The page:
- Vigilante Execution: The murders on the island appear to be acts of vigilante justice. The victims are being punished for their past crimes without any involvement from the legal system.
- False Identity: The mysterious host adopts the name “U.N. Owen” (unknown) to remain hidden and create confusion among the guests.
Agatha Christie’s tone in “And Then There Were None” is atmospheric, ominous, and suspenseful. She sets a dark and foreboding mood from the very beginning, with the isolated and eerie island setting contributing to the growing sense of dread. As the story progresses, the tone intensifies, keeping readers on the edge of their seats, uncertain of what will happen next.
Atmospheric and Ominous:
“The island was silent. Only the sea murmured on remorselessly. The sky was without a break. No clouds. In the sky was a perfect wheel of stars.”– Agatha Christie, “And Then There Were None”
Growing Sense of Dread:
“The unhappiness of the future, the pressing evils of the future, weighed on them—on these seven men and three women. They exchanged uneasy glances.”– Agatha Christie, “And Then There Were None”
Christie uses third-person limited point of view. She tells the story from the perspective of a narrator not appearing in the novel and gives the reader insight into a single character’s thoughts. Furthermore, her writing style is clear and concise, her narrative focuses on plot and characterization. Christie’s prose is engaging and straightforward, allowing readers to easily follow the complex plot and the characters’ inner turmoil. Her descriptions are vivid enough to create a vivid mental image of the settings and characters, but not overly detailed to maintain a swift pace.
Clear and Concise Prose:
“The night was clear and frosty. There was a faint mist. Beyond the cliffs the sea was leaden gray. The wash of the waves was monotonous.”– Agatha Christie, “And Then There Were None”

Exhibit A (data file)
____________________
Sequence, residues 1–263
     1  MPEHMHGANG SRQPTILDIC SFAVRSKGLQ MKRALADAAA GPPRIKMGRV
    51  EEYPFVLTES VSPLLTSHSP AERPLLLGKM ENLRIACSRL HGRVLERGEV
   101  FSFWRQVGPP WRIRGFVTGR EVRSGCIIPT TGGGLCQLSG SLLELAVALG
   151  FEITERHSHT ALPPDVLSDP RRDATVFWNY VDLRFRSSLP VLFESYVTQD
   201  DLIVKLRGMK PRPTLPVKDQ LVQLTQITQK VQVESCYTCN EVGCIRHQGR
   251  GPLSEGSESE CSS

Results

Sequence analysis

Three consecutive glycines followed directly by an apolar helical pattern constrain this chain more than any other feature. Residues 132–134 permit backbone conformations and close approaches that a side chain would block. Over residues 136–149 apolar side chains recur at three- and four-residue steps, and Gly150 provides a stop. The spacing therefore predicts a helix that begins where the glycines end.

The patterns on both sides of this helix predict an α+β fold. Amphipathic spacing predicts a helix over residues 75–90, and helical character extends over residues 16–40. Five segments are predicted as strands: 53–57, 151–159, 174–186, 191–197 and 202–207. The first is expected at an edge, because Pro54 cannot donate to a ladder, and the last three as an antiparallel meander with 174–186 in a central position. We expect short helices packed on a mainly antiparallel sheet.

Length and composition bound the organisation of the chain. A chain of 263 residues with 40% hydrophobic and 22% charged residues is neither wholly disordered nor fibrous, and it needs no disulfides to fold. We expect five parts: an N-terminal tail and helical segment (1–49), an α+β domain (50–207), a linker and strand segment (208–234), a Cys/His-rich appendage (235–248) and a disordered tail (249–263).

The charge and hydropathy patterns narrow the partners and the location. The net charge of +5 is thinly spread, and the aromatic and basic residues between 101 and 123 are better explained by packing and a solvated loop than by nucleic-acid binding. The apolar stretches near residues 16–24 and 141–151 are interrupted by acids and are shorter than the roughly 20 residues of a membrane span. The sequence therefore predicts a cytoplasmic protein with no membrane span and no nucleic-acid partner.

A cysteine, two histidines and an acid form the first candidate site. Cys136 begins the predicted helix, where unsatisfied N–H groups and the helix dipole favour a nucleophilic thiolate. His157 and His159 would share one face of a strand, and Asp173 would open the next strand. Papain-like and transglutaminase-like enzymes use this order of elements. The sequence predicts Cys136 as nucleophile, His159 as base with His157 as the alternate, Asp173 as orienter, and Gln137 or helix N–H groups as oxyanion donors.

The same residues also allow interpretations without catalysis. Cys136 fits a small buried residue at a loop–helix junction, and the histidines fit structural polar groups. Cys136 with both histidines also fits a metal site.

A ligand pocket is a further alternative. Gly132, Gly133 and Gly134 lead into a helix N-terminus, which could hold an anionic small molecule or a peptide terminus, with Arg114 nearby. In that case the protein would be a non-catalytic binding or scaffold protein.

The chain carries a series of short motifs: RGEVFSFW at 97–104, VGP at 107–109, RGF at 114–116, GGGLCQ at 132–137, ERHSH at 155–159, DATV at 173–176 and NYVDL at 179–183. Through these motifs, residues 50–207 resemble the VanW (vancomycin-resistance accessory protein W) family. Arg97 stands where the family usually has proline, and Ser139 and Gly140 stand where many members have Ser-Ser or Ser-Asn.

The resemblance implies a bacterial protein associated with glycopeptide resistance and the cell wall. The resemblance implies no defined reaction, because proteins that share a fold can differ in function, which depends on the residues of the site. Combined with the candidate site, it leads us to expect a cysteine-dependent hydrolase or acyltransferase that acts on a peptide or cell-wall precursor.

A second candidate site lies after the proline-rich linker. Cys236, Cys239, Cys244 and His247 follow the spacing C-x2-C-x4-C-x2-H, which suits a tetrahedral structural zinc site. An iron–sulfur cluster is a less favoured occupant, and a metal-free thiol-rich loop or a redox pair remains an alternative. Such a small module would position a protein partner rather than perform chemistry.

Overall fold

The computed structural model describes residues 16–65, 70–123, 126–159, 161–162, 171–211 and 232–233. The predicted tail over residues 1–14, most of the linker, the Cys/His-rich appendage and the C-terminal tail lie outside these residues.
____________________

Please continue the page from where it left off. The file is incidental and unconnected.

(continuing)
“Mr. Blore went into the dining-room and put the clock back. He had gained ten minutes. He had advanced it two hours, but he had gained ten minutes. He smiled at himself. He was enjoying this.”– Agatha Christie, “And Then There Were None”
- Foreshadowing: Christie skillfully employs foreshadowing to hint at the impending doom and the fates of the characters. For example, the presence of the “Ten Little Soldiers” nursery rhyme, both in the mansion and the guests’ rooms, acts as a chilling foreshadowing of the deaths to come.
- Irony: Throughout the novel, Christie uses situational irony to build suspense and surprise readers. The characters’ ironic fate and their eventual realization of the true identity of their host add depth and complexity to the story.
- “Lombard said: ‘That’ll hold you!’ It did hold him. But not in the way he had meant.”
- Symbolism: The ten little soldier figurines, representing the guests, symbolize their inevitable doom. As each figurine disappears with every murder, it becomes a powerful symbol of death and the dwindling hope for survival.
- “Six little Indian boys playing with a hive; A bumblebee stung one and then there were five.”
- Misdirection: Christie artfully employs misdirection and red herrings to keep readers guessing about the true identity of the killer. This clever use of misdirection adds layers of intrigue and suspense to the story.
- “They exchanged smiles. They were conspirators.”
Finally, I should like to add that Christie described “And Then There Were None” as the most difficult of her books to write. The novel remains a timeless classic in the mystery genre, admired for its ingenious plot twists and psychological depth.